Michael W. L. Watson and Aaron R. Wheeler
Department of Chemistry, University of Toronto, Ontario, Canada
Why is this useful?
Some applications for microfluidics, such as synthesis, reversed phase separations, and liquid-liquid extraction, require the use of organic solvents (e.g. acetonitrile, methanol, etc.). For such applications, glass or quartz substrates are preferred; however, even when using solvent-resistant substrates, such applications are often limited by the problem of connecting reservoirs to the substrate. As illustrated in Figure 1, common adhesives used for this purpose, such as epoxies and UV cured glues, are not able to withstand extended periods of exposure to solutions with high organic solvent content.
In this Tip, we report a straightforward solution to this problem: using an oxygen plasma bonded poly(dimethyl siloxane) (PDMS) reservoir manifold (Figure 2).
This structure is inexpensive, easy to apply, and is able to withstand a wide range of organic solvents for periods of up to several weeks.
What do I need?
- PDMS. We use the Sylgard 184 PDMS kit (Dow Corning Company), but any of a variety of PDMS formulations could be used.
- Vacuum chamber. An air-tight chamber that can be attached to a pump or house vacuum. We use a vacuum oven (Fisher Scientific Model 280A).
- Oven. PDMS can be cured at room temperature overnight, but the process is much faster in an oven.
- Plasma cleaner. We use a Harrick Plasma cleaner (Model PDC-001) to pre-treat glass and PDMS surfaces prior to bonding. An air plasma can be used but an oxygen plasma will yield a better seal.
- Glass microfluidic chip. Home-made or purchased glass or quartz microfluidic devices are required for work with strong organic solvents. We purchase chips from Caliper Life Sciences.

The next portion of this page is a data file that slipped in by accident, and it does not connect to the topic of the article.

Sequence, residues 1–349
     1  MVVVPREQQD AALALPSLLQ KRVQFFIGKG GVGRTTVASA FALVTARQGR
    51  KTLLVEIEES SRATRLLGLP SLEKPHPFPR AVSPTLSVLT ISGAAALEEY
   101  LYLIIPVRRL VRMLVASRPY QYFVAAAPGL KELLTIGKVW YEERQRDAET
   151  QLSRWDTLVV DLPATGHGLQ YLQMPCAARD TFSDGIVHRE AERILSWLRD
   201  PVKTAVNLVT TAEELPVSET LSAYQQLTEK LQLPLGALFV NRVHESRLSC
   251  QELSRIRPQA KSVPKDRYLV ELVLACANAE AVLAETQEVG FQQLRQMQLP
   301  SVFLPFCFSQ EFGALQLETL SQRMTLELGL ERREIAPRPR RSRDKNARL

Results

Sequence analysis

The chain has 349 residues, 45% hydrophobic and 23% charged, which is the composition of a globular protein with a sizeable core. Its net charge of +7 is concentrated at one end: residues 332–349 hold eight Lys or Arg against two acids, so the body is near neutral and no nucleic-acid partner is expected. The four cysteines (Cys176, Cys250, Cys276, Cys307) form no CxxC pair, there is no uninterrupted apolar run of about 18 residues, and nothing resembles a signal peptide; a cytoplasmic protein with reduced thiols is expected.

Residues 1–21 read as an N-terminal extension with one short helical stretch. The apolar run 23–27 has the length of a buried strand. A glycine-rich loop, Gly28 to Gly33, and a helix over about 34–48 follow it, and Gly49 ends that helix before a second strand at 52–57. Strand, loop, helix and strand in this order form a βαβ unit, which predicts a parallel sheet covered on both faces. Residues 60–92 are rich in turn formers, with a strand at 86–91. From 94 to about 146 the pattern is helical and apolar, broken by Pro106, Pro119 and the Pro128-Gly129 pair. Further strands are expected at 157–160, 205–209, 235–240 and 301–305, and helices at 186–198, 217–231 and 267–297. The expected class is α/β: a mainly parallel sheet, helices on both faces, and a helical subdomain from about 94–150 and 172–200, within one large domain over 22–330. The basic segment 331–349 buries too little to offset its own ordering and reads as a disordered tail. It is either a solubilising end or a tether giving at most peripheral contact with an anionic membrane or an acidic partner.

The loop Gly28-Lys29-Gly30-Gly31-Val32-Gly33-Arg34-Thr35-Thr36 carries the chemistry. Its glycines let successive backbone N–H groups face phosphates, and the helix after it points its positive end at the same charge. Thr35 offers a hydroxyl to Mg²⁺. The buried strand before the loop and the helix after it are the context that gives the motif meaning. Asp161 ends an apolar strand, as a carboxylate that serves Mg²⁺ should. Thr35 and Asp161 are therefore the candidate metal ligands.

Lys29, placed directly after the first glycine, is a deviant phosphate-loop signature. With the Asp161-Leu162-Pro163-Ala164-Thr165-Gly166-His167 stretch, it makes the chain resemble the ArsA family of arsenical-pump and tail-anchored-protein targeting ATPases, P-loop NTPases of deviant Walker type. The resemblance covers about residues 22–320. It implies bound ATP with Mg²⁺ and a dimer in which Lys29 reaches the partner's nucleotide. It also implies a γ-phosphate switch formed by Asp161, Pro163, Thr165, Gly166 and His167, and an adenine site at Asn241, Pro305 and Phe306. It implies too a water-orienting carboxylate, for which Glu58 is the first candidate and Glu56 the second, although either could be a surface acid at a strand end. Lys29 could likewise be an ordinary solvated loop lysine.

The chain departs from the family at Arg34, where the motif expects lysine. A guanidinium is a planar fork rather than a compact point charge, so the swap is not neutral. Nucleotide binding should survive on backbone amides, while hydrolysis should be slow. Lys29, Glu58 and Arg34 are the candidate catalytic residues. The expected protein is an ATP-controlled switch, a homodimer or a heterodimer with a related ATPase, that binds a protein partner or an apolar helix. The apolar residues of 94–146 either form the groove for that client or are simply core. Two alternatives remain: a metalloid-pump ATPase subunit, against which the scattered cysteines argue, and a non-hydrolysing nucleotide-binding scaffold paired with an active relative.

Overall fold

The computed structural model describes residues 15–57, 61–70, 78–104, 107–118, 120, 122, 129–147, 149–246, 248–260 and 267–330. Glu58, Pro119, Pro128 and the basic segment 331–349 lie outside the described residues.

- Hole punch or coring tool. The reservoir volume is determined by the diameter of the holes in the manifold. We use either a coring tool with a diameter of 2 mm or a paper hole punch with a diameter of 5 mm.
What do I do?
- Mix PDMS and curing agent in a 10:1 weight ratio in a disposable weigh boat.
- Degas PDMS under vacuum.
- Pour the PDMS into a plastic Petri dish to a depth of about 3-4 mm.
- Cure PDMS for 1 hour at 70oC.
- Cut the PDMS with a scalpel to fit the shape of the microfluidic device.
- Punch holes through the PDMS such that they line up with the inlet ports in the microfluidic device. (For alignment, fit the PDMS manifold to the glass surface and use a Sharpie to mark the locations of the holes, prior to bonding, test-fit the manifold to ensure that the punched holes align with the microfluidic inlet ports.)
- Clean the glass device and manifold with deionized water and isopropanol and dry under a stream of nitrogen.
- Plasma treat the surfaces to be bonded under oxygen (5 psi O2, 400 mtorr vacuum, 26.9 W, 90 s).
- Bring the two surfaces together. Press down firmly for 20-30 s to ensure good seal formation.
- After use, the glass chip can be recycled by removing the PDMS slab with a razor blade and cleaning with acetone.
What else should I know?
These reservoirs provide a transparent alternative to opaque adhesives making it easier to visualize networks of channels and use optical detection methods. While some swelling is observed in solvents such as acetonitrile, the seal between the PDMS and glass does not leak, allowing for weeks of continued exposure to organic solvents. Note that highly aggressive solvents such as ethers or benzene are not compatible with this method.